Students Serve the Hispanic Legal Community
Students Serve the Hispanic Legal Community
Innovative University of Denver Sturm College of Law students, Zachary Al-Tabbaa, 3L, and Desiree Palomares, 2L, are taking their education and legal responsibility to the next level. Appointed as co-presidents of the Hispanic National Bar Association – Law Student Division’s Region XIII (Colorado, Kansas, Nebraska and Wyoming) in October 2018, they are on a mission to create opportunities for students to thrive in law school and become successful members of the legal profession.
Al-Tabbaa and Palomares are pioneers in myriad ways. They are both students who came from out of state to attend Denver Law, they are among the first to fill this HNBA-LSD regional president seat, and they both understand how crucial community and support is in diversifying law.
Al-Tabbaa’s path to the legal profession wasn’t a straight one. He began as a pre-med student at the University of Texas at El Paso, focusing on microbiology, but knew medical school wasn’t his calling.
What did grab his attention were patents, steering his career path toward a combination of science and the law. “The best way for me to put it is that my passion for science and desire to protect the hard work of those laboring to progress it led me to pursue a legal education with a focus on patent law,” he said.
Denver Law’s Intellectual Property Law Program was a natural fit for his goals. Al-Tabbaa was impressed with what the law school and Colorado had to offer when he chose Denver Law; however, he didn’t know anybody when he arrived. He quickly realized that finding a support system, and in turn, fostering similar relationships with other Hispanic students, was critical.
“Being a half-Hispanic, half-Arab in this country, especially in the current climate, has been a challenge. Finding a community that really took me in and is helping myself and others like me is extremely valuable,” he said.
He discovered the HNBA through his position as the DU Latino Law Student Association (LLSA) Colorado Hispanic Bar Association (CHBA) representative. He was among twenty-five students invited in the summer of 2018 to the HNBA/Microsoft Intellectual Property Law Institute in Washington, D.C., an experience that opened doors for his legal career future.
Al-Tabbaa believes in paying opportunities like this forward.
“I was inspired by the numerous practicing attorneys and students that were impassioned to help their communities and other students like me,” he said. In addition to his HNBA-LSD role, he is active in the CHBA as Co-Chair of the Young Lawyers Division Committee. He also mentors other law students through the Sturm College of Law Peer Mentorship Program and the Law School Yes We Can! Program.
During his term as co-president, Al-Tabbaa hopes to encourage more Hispanic students to pursue the legal profession through the many resources of the HNBA, CHBA and other organizations aimed at supporting underrepresented students. As part of that, Al-Tabbaa tells students to seriously consider attending Denver Law and take advantage of all the opportunities available.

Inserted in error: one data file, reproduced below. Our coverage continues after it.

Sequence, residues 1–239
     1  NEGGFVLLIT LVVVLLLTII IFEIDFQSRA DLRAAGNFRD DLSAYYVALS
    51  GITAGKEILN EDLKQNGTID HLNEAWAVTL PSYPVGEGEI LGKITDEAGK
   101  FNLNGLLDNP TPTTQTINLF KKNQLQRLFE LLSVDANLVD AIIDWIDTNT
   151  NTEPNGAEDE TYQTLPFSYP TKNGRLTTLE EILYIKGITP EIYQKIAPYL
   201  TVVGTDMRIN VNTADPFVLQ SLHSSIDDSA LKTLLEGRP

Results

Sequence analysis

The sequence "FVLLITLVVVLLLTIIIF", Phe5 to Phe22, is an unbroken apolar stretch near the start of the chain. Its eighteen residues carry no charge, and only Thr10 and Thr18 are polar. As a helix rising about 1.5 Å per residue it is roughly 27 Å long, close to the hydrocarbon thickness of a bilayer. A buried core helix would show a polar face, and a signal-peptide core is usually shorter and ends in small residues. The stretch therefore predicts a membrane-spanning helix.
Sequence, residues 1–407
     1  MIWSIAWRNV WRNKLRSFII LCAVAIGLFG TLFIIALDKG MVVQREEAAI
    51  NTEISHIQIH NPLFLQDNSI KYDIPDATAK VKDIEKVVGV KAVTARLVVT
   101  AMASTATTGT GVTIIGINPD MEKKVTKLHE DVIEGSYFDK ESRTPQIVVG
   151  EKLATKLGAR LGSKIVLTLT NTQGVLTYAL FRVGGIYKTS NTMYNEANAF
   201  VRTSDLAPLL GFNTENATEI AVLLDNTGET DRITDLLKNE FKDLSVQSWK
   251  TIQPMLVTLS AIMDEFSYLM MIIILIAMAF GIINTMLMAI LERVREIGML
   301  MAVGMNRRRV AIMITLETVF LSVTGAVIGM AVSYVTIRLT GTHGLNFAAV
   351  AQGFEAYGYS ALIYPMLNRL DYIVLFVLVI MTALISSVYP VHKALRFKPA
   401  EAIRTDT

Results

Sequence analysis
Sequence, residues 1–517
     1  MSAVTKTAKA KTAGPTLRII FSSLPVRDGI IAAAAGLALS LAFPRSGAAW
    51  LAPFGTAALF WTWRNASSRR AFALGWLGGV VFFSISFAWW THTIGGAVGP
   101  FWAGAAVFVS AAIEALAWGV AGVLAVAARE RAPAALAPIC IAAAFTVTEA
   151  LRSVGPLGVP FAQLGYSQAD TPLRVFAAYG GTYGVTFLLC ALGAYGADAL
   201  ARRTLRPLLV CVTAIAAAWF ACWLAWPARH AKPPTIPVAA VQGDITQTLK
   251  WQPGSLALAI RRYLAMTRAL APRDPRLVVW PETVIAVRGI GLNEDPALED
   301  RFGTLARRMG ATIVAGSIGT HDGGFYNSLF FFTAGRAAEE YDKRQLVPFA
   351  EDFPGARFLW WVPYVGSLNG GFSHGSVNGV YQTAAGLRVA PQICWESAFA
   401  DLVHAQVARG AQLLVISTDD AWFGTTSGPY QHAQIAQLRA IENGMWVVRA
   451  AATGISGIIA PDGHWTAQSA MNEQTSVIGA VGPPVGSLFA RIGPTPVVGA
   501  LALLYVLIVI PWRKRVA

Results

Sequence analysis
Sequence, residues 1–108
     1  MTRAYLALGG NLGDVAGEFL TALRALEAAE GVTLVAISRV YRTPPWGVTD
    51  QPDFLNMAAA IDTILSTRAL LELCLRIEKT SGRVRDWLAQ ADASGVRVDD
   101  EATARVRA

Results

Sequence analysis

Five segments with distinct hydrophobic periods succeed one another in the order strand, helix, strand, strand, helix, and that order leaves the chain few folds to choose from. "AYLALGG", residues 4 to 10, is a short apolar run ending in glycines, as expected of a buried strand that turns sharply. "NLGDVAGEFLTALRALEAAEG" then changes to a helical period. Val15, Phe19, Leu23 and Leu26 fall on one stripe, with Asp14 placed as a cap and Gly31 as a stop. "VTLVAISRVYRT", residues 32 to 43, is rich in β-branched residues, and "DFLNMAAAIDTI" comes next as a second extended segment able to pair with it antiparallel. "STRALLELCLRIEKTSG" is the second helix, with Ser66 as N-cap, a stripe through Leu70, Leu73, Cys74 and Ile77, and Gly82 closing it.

“I definitely would encourage other Hispanic students and half-Hispanic students like myself to come to Denver Law and get involved. There are many of opportunities here that you just don’t find in other parts of the region.”
Palomares had law school in her sights about half way through obtaining her undergraduate English degree at the University of California Berkeley. An accomplished gymnast at Berkeley, she wanted to parlay her sports background and writing skills into a sports law career.
When she started law school, however, her focus changed.
“Once I moved here, I realized that it was very different from where I am from. It was a culture shock, and it changed my goals for law school, one of them being that I wanted to be involved in increasing diversity at law schools,” she said.
Part of achieving her goals was becoming a member of the HNBA and LLSA, as well as mentoring high school students through the Center for Legal Inclusiveness’ Journey to JD program and mentoring in the Law School Yes We Can! Program. When she saw an opening for the HNBA-LSD regional president, she saw her opportunity to further foster the conversation about diversity in the legal profession.
Palomares’ goals for her term as co-president are to strengthen the Hispanic community at Denver Law and other law schools, as well as involve more people in the community to help students feel like they are not alone. As part of that mission, she encourages minority students to join as many student organizations they can while they are in law school.
“When students first come to law school, they should come very open minded and join groups because it helps increase the dialog in law school. They should not be intimidated in doing so; they should feel like we are all in this together and to take advantage of the resources given.”
Those resources could make a valuable, lasting impact in legal career paths, as they have for Palomares. Instead of sports law, she now wants to focus on low-income legal services and has built a professional network and support system in Denver that can’t be beat.
“At first, I really wanted to go back to California [after graduation], but now I think that I can make a bigger difference here. I have made connections, and I have been really supported by the faculty and community here, and those are relationships that I don’t want to miss out on.”
The HNBA-LSD, in collaboration with Al-Tabbaa, Palomares and HNBA members, are planning to host future networking events and panel discussions that all students are encouraged to attend.
“In our events, we want to involve everyone. We don’t want a divide, but rather want to start a conversation so it feels like a team working together rather than an us versus them mentality,” said Palomares.